Central line-associated bloodstream infections in neonates with gastrointestinal conditions: developing a candidate definition for mucosal barrier injury bloodstream infections.

TitleCentral line-associated bloodstream infections in neonates with gastrointestinal conditions: developing a candidate definition for mucosal barrier injury bloodstream infections.
Publication TypeJournal Article
Year of Publication2014
AuthorsCoffin SE, Klieger SB, Duggan C, W Huskins C, Milstone AM, Potter-Bynoe G, Raphael B, Sandora TJ, Song X, Zerr DM, Lee GM
Corporate AuthorsPediatric Prevention EpiCenter Consortium
JournalInfect Control Hosp Epidemiol
Volume35
Issue11
Pagination1391-9
Date Published2014 Nov
ISSN1559-6834
Abstract

OBJECTIVE: To develop a candidate definition for central line-associated bloodstream infection (CLABSI) in neonates with presumed mucosal barrier injury due to gastrointestinal (MBI-GI) conditions and to evaluate epidemiology and microbiology of MBI-GI CLABSI in infants.

DESIGN: Multicenter retrospective cohort study.

SETTING: Neonatal intensive care units from 14 US children's hospitals and pediatric facilities.

METHODS: A multidisciplinary focus group developed a candidate MBI-GI CLABSI definition based on presence of an MBI-GI condition, parenteral nutrition (PN) exposure, and an eligible enteric organism. CLABSI surveillance data from participating hospitals were supplemented by chart review to identify MBI-GI conditions and PN exposure.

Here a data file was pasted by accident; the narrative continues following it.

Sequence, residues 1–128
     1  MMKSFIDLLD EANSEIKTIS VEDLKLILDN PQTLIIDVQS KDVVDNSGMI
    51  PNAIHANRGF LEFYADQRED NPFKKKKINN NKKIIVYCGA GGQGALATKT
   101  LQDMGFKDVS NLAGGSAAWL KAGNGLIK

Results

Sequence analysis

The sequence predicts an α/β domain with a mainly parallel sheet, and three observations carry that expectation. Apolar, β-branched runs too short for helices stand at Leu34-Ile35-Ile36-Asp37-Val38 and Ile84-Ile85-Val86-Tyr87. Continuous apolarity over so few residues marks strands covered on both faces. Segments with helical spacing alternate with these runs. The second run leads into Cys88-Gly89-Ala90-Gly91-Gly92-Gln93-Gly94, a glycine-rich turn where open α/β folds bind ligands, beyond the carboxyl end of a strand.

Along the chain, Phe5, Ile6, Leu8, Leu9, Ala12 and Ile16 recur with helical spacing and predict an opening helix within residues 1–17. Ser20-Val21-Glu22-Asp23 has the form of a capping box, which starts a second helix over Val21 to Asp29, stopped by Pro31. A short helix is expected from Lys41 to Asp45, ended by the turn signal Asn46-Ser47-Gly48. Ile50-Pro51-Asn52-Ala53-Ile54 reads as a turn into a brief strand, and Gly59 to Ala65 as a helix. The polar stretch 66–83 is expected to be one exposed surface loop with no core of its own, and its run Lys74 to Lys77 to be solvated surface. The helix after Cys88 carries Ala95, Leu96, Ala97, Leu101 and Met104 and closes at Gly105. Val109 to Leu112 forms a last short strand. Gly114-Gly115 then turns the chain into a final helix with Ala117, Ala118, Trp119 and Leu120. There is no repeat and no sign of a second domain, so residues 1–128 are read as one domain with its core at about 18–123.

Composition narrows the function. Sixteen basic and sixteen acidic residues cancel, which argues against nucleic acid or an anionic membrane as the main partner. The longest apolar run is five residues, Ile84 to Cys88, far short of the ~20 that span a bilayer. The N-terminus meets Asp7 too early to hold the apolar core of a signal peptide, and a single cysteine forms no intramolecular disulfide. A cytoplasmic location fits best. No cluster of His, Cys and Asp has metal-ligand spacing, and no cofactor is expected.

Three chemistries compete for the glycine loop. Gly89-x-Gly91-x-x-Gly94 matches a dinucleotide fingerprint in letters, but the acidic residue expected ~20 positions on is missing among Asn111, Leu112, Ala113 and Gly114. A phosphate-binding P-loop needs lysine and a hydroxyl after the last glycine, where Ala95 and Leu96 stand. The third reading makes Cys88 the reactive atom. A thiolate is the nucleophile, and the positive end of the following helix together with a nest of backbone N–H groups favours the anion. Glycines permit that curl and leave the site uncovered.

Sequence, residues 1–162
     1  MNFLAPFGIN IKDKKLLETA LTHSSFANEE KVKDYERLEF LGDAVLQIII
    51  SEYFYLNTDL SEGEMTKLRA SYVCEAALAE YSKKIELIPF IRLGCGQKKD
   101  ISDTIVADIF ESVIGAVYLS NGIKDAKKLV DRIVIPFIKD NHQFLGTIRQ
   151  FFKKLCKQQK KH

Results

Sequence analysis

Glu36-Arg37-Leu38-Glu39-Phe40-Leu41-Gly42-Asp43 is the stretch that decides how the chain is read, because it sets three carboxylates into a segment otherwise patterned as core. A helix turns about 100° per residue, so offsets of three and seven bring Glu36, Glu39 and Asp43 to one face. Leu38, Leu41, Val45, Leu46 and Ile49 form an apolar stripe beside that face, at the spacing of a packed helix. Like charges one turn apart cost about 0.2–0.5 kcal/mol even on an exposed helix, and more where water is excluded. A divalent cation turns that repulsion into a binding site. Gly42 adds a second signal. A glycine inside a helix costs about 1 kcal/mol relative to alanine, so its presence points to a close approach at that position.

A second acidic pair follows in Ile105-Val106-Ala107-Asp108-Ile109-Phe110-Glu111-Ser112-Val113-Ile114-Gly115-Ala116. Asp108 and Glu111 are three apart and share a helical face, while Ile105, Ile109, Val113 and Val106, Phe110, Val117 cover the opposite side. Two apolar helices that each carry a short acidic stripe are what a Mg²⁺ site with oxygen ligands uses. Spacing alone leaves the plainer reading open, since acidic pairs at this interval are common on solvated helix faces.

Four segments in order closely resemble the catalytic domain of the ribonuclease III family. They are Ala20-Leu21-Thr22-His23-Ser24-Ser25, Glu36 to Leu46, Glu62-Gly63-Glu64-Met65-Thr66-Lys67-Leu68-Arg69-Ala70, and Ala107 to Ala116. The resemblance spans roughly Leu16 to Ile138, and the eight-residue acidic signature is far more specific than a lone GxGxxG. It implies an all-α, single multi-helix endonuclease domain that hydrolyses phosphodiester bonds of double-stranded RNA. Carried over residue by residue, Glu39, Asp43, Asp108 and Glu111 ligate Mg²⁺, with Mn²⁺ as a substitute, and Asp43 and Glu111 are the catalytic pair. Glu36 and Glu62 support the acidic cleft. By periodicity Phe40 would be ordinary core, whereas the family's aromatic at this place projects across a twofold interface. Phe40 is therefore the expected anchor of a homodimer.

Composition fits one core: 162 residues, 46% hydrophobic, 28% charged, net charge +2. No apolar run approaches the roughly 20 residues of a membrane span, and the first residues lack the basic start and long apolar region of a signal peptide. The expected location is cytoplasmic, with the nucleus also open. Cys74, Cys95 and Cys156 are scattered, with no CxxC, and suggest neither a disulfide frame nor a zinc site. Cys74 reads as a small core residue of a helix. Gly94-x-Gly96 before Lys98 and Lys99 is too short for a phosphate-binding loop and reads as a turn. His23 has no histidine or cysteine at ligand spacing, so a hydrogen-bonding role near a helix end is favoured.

RESULTS: During 2009-2012, 410 CLABSIs occurred in 376 infants. MBI-GI conditions and PN exposure occurred in 149 (40%) and 324 (86%) of these 376 neonates, respectively. The distribution of pathogens was similar among neonates with versus without MBI-GI conditions and PN exposure. Fifty-nine (16%) of the 376 initial CLABSI episodes met the candidate MBI-GI CLABSI definition. Subsequent versus initial CLABSIs were more likely to be caused by an enteric organism (22 of 34 [65%] vs 151 of 376 [40%]; P = .009) and to meet the candidate MBI-GI CLABSI definition (19 of 34 [56%] vs 59 of 376 [16%]; P < .01).

CONCLUSIONS: While MBI-GI conditions and PN exposure were common, only 16% of initial CLABSIs met the candidate definition of MBI-GI CLABSI. The high proportion of MBI-GI CLABSIs among subsequent infections suggests that infants with MBI-GI CLABSI should be a population targeted for further surveillance and interventional research.

DOI10.1086/678410
Alternate JournalInfect Control Hosp Epidemiol
PubMed ID25333434
PubMed Central IDPMC4551075
Grant ListK24 HD058795 / HD / NICHD NIH HHS / United States
K24HD058795 / HD / NICHD NIH HHS / United States
U54-CK000163 / CK / NCEZID CDC HHS / United States